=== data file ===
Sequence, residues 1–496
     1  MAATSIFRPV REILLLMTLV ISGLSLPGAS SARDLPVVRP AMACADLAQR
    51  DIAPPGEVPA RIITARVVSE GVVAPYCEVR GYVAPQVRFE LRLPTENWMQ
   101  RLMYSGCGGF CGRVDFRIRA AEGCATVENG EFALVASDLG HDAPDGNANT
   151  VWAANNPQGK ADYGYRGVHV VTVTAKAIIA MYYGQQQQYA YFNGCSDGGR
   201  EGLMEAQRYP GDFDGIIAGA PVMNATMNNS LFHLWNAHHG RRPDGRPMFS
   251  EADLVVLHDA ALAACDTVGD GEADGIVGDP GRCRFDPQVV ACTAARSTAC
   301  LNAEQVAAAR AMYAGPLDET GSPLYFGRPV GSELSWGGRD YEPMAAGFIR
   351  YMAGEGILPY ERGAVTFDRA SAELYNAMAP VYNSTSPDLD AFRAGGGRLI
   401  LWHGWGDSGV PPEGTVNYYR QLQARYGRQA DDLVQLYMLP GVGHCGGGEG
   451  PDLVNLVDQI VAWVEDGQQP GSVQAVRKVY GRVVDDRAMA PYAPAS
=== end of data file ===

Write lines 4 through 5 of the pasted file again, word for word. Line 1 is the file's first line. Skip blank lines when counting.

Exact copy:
   101  RLMYSGCGGF CGRVDFRIRA AEGCATVENG EFALVASDLG HDAPDGNANT
   151  VWAANNPQGK ADYGYRGVHV VTVTAKAIIA MYYGQQQQYA YFNGCSDGGR